Widespread deployment of grass in crop rotations – A multifunctional climate mitigation strategy
Strategic establishment of perennial plants in agricultural landscapes can provide environmental benefits while maintaining, or increasing, total biomass production. One such option, common in northern Europe, is to include grass in rotations with annual crops to provide biomass while remediating soil organic carbon (SOC) losses and other environmental impacts (e.g., reducing nitrogen emissions to water, as well as wind and water erosion). Results from research involving scientists at five European universities and Joint Research Centre (JRC), the European Commission’s science and knowledge service, show that widespread deployment of such systems can provide significant climate mitigation and several important co-benefits.
The scientific paper was published in the Journal GCB Bioenergy in November 2022, and is available in open access here: Large-scale deployment of grass in crop rotations as a multifunctional climate mitigation strategy
Suitable areas for introducing grass cultivation in crop rotations were identified based on spatially explicit data on agricultural land-use and cumulative soil SOC losses in >81,000 sub-watersheds in EU27+UK (Europe). Several rotation systems and deployment scenarios were evaluated, considering the resulting changes in cropland use for annual crops and grass cultivation, production of biomass, protein and biogas, and effects on SOC, soil erosion by wind and water, nitrogen emissions to water, and flood mitigation.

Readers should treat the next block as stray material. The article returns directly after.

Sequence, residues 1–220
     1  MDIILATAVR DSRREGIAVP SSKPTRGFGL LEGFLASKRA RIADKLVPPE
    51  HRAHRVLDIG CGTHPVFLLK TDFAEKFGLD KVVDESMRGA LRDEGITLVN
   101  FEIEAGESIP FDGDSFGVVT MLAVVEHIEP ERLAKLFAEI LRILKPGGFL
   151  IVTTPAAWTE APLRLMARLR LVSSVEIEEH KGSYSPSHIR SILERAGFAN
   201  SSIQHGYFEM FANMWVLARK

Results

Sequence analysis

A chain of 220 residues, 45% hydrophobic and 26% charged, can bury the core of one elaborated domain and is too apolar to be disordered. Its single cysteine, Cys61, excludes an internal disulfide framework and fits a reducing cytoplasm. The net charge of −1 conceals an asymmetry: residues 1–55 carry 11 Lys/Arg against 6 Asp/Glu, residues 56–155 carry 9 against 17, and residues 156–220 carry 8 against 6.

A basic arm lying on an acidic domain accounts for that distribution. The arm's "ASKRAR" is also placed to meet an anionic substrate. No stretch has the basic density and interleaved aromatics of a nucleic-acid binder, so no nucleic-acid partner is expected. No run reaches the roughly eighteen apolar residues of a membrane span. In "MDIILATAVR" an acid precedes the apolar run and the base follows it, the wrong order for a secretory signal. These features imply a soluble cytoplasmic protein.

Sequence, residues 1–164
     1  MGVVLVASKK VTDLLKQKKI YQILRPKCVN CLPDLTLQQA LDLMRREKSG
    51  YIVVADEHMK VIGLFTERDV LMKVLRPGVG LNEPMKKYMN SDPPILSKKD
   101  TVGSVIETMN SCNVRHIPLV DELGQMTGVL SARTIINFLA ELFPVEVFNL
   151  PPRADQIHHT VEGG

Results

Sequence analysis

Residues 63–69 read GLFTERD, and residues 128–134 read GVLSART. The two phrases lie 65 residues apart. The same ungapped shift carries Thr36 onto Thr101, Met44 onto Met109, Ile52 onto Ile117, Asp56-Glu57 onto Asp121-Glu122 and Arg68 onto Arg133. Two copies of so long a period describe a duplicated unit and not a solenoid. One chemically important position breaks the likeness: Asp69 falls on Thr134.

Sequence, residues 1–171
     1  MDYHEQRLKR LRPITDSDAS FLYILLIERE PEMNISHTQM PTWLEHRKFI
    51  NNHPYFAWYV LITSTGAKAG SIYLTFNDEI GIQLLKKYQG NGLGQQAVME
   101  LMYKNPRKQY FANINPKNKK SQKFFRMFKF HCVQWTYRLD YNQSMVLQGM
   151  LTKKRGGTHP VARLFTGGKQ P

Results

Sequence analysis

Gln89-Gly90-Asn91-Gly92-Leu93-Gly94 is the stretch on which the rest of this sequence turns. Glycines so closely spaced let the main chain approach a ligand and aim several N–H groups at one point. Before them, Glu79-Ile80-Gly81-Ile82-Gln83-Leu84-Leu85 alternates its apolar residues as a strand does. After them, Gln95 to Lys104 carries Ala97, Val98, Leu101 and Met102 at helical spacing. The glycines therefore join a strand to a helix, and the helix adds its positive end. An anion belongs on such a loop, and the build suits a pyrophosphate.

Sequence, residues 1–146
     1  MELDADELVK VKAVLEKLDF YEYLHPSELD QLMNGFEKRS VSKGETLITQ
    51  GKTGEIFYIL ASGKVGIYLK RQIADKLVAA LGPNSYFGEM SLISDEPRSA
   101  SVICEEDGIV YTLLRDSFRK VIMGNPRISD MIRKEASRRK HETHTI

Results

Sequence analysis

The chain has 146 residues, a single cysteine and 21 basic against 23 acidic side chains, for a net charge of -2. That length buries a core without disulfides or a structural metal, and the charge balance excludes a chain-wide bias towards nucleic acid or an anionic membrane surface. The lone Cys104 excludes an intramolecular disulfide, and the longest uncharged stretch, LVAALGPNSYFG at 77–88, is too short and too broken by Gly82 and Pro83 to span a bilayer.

Introduction of grass cultivation in rotations dominated by annual crops resulted in significant environmental benefits. When the grass is used to produce biogas and protein feed in biorefineries, the estimated annual GHG savings from soil carbon sequestration and displacement of natural gas with biogas correspond to 13-48% of current agriculture emissions in Europe. Yield gains for crops grown in rotation with grass and the use of grass as feedstock in lieu of annual crops reduces the displacement effect. Substitution of soybean feed can help reduce emissions and biodiversity loss from tropical forest conversion to soybean cultivation.
Accumulated soil organic carbon losses, simulated grass yields, and production systems implemented in the two deployment scenarios, based on estimated effectiveness to remediate soil carbon losses.
Effects of increased grass cultivation in crop rotations on the production of annual crops, compared to a reference case with annual crops in monoculture.
Article citation: Englund, O., Mola- Yudego, B., Börjesson, P., Cederberg, C., Dimitriou, I., Scarlat, N., & Berndes, G. (2022). Large-scale deployment of grass in crop rotations as a multifunctional climate mitigation strategy. GCB Bioenergy, 00, 1–19. https://doi.org/10.1111/gcbb.13015